There are many types of intellectual property right, only some of which are registrable; those that are registrable have little in common other than their registrability.
Registration of intellectual property rights provides objective and verifiable legal protection against competitors.
Registration provides national or regional protection and can be costly, requiring careful budgeting.
Failure to register a transaction involving an intellectual property right may have adverse legal consequences for the beneficiary of the transaction.
Once registered, an intellectual property right is presumed to be valid until the contrary is established, thus providing a powerful strategic weapon for controlling a market.
Registered intellectual property rights may be expensive to maintain, incurring renewal fees and, in some cases, regular policing against unauthorized use.
Although some intellectual property rights come into existence on the creation of their subject matter, most intellectual property rights are not recognized by law until a process of registration is completed. Patents for inventions, trademarks, and some types of design are generally subject to registration systems.
Patents protect inventions that are new, nonobvious, and industrially applicable. Trademarks protect words, names, logos, product packaging, and shapes, among other things, that enable the consumer to distinguish the goods or services of one business from those of another. Designs protect the aesthetic and not totally functional elements of the shapes of manufactured products.
Registration of each of these rights enables others to ascertain: the nature of the right protected; legal entitlements of owners and users of the right; and information from which the expiry date of that right can be calculated.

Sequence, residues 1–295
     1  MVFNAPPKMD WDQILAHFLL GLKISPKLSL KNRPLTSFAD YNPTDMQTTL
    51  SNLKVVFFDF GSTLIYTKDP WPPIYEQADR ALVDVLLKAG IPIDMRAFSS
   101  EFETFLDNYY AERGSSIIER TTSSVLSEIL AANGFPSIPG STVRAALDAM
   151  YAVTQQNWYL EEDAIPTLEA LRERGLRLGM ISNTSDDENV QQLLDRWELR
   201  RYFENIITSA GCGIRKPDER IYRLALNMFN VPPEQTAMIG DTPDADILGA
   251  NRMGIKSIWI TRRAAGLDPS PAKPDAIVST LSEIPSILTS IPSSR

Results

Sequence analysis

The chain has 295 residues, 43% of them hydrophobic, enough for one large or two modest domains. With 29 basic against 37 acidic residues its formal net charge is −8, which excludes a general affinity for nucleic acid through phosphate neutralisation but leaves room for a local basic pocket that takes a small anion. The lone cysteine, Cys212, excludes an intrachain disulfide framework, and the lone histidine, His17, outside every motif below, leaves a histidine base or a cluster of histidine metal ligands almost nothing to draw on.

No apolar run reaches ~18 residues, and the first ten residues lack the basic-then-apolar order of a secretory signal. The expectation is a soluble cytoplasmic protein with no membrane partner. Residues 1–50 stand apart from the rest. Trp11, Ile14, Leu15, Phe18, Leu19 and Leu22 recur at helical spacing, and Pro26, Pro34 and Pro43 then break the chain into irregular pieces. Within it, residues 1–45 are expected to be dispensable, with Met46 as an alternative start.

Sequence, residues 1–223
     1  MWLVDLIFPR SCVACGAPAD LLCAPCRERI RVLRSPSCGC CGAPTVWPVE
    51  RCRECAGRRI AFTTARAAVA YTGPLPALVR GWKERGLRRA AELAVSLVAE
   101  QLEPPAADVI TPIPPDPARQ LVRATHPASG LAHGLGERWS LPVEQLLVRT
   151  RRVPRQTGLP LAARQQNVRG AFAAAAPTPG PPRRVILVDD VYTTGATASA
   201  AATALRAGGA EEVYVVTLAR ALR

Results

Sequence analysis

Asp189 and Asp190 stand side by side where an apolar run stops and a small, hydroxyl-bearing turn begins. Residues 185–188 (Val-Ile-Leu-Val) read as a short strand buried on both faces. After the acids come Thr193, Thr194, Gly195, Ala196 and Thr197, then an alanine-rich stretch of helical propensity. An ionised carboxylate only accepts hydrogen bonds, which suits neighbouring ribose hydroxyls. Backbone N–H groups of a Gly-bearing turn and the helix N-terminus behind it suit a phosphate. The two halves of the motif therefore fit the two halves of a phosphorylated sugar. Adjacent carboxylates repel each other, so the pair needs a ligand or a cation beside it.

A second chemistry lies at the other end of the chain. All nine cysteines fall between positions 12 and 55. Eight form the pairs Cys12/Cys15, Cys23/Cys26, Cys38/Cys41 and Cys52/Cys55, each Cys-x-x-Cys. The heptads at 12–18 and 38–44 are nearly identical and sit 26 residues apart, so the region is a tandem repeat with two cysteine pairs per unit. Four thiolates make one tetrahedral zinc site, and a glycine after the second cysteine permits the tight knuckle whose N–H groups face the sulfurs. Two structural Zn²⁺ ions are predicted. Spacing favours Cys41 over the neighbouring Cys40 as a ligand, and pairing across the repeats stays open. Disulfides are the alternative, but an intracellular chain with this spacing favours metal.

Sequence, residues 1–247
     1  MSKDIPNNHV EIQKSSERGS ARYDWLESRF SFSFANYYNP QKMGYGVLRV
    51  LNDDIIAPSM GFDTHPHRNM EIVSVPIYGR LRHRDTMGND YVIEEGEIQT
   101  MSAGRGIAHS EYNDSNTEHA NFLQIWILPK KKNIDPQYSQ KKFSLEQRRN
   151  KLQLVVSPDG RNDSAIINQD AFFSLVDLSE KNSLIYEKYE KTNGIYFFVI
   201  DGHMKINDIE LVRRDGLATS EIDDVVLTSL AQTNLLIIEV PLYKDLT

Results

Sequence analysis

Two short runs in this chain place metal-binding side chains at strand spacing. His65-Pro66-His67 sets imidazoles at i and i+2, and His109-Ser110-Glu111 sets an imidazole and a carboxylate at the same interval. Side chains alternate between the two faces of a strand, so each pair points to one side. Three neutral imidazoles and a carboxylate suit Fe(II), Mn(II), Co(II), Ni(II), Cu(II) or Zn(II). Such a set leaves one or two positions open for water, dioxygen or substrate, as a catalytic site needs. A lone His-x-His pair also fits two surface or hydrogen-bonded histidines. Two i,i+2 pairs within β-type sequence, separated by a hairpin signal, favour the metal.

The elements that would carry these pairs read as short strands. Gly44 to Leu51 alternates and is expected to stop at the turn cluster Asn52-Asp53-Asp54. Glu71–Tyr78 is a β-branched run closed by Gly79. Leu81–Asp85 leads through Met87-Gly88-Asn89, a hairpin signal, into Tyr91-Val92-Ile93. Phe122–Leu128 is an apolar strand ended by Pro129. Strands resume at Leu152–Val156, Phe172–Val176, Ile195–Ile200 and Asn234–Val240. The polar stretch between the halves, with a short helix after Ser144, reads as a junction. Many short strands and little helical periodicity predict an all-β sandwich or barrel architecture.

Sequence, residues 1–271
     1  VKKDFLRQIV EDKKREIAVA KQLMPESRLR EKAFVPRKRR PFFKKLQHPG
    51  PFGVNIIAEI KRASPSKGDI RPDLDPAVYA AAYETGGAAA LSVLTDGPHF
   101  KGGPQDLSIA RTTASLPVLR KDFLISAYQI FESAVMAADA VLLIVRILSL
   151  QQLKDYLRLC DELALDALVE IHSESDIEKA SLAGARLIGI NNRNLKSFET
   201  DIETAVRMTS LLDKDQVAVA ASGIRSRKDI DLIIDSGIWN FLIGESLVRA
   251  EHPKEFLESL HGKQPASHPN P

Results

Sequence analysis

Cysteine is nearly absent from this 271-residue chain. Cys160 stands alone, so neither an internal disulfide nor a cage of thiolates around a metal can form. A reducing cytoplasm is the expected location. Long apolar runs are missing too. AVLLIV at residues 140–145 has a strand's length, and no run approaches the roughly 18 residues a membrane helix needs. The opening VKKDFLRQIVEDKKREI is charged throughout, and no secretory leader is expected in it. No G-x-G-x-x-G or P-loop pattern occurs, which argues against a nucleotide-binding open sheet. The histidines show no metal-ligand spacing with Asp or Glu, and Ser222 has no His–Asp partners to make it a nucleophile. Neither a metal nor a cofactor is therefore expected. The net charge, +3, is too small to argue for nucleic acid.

Registration is not synonymous with examination: It may follow a rigorous, often interactive application procedure over a period of months or years—this is usually the case for patents and trademarks—or it may only require a deposit, as in the case of some designs.
Registration and Certification
Proof of registration of any interest in an intellectual property right is necessary if that interest is invoked in litigation. In patent and trademark infringement proceedings, for example, a court will accept a certificate of entitlement to that right as evidence. Registration helps a prospective licensee of a right to identify who must be approached for a license request. When a business is acquired, registration enables a due diligence search to find out which of the assets used by the target business are owned by it. Where the information recorded on the register does not accord with reality, it may be necessary to seek rectification of the register, a process that may be both slow and costly.
In some circumstances the state of the register will not accord with reality because of the length of time taken by the registry in question to record an assignment or license. Sometimes the information on the register may be up to two years out of date, or more. Local practitioners should be able to advise, in any given jurisdiction, on the state of the register.
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